Gauss/Gaus/Gausz Y-DNA Project
Summary of results
Now with eight results, still none of us are related to each other!
To be related within the historical period of surnames, a 12-marker test would need to show a ‘genetic distance’ of 0, or possibly 1 at the most. The genetic distances of the first seven participants to each other are shown below and are all considerably more than 1. The closest distance represented is 4, but even this gives only about a 15% probability of a common ancestor within 24 generations i.e. since about the year 1400.
Table of genetic distances on 12-marker test for the first 7 participants: (This data is no longer available from the FTDNA website)
Probability of a common ancestor within 24 generations for all 8 participants, based on 12 marker test:
Three of the eight are Haplotype I, which tends to be more prevalent in Northern and Eastern Europe, two are R1b1a2 which is more prevalent in Western Europe, one is R1a which has highest concentrations in Eastern Europe, and two are subgroups of E1b, which seems to be rare outside Africa. In southern Germany about 48% of men are R1b, 20% I, 9% R1a and about 8% are E.
Assuming all 8 of us do indeed have variants of the same name, it is clear that the name has multiple origins and that we are not all descended from a single individual. To have a greater than 50% chance of picking 8 persons at random from different lineages, from a large pool of individuals of each lineage, would require in excess of 43 lineages. (To clarify this, supposing there were only 10 lineages, then the chance
of picking randomly one person from each of 8 with no duplicates, would be only
2%. In other words, there would be a 98%
chance that at least two of the eight would share a lineage.) This suggests that there could well have been more than 40 individuals with the surname Gauss from whom all present day Gausses are descended.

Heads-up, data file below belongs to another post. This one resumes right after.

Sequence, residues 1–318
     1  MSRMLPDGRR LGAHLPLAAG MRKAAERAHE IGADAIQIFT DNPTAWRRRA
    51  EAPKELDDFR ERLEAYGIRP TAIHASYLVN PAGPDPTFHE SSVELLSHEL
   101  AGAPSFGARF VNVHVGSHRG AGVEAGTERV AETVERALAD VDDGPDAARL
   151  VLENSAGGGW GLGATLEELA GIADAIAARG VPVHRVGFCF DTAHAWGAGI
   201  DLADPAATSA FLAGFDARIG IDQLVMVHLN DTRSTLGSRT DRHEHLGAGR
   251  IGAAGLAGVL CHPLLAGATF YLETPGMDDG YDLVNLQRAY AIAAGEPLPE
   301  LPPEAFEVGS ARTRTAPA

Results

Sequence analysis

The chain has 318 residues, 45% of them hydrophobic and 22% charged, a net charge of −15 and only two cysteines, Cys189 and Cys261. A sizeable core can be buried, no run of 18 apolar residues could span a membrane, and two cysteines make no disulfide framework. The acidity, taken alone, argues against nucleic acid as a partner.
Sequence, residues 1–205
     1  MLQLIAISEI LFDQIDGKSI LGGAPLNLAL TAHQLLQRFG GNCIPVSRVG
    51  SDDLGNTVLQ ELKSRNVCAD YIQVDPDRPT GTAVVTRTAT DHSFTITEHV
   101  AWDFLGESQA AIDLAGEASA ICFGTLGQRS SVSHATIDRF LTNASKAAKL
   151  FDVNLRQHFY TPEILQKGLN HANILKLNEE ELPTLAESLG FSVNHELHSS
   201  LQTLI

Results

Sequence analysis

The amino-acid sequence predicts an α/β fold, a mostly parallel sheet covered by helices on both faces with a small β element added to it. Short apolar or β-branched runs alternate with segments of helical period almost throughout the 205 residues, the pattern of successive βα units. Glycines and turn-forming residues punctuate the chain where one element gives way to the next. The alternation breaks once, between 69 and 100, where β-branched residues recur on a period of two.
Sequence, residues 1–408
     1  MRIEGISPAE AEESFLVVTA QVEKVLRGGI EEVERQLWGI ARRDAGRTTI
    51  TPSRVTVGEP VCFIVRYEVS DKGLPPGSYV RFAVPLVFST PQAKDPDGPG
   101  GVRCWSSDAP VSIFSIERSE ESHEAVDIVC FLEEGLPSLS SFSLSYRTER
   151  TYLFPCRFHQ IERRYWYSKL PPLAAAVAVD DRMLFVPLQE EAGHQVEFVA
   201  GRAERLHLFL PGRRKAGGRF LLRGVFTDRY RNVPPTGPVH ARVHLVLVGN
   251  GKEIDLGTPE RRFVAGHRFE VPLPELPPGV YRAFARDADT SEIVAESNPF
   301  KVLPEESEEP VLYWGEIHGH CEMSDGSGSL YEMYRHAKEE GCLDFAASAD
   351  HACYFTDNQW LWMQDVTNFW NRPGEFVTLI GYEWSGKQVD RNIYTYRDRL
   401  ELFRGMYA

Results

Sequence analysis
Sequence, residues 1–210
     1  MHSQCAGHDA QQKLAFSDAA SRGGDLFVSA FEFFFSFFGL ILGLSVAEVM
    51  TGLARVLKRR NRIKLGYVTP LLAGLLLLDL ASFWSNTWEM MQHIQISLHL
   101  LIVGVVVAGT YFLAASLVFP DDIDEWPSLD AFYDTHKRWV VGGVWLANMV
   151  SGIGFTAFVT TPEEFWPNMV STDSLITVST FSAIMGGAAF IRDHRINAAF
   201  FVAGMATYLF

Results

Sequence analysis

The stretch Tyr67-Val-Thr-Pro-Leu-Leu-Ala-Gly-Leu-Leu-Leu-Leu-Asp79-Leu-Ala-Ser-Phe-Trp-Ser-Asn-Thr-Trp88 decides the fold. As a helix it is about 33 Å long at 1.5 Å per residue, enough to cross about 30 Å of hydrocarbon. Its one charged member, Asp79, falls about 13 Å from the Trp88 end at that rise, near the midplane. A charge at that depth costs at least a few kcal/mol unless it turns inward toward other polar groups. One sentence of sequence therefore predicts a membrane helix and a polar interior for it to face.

With this conclusion of a multiple origin, comes the need for a multiple origin of the surname. The most plausible meaning of ‘gauss’ is that it is the Swabian dialect word for ‘goose’ and as such presumably became the surname of numerous gooseherds in the area.
41340: The descent back to Florian Gauss runs through many generations living in Württemberg and is well documented, though of course there could have easily been an illegitimacy or adoption which is not recorded as such.
48102: Stephen Gauss is known to have come from Croatia, and the closest matches on the YSearch database are also mainly from Slavic Eastern Europe. This suggests that his surname was either a Croatian name which happens to have been spelt the same way as the German name (there were 10 families with the name in the area at the time), or that an emigré German adopted a Croatian boy, either knowingly or through illegitimacy.
47931: Has an origin in Baden, Germany.
57430: Does not know much about where his ancestors came from, other than from Germany.
60363: Has an origin in Felldorf, Württemberg, Germany
179594: Has an origin in Baden, Germany.
211434/N88454: Has an origin in Croatia.
241953: Has an origin in Württemberg, Germany.
(Updated 12 Aug 2012)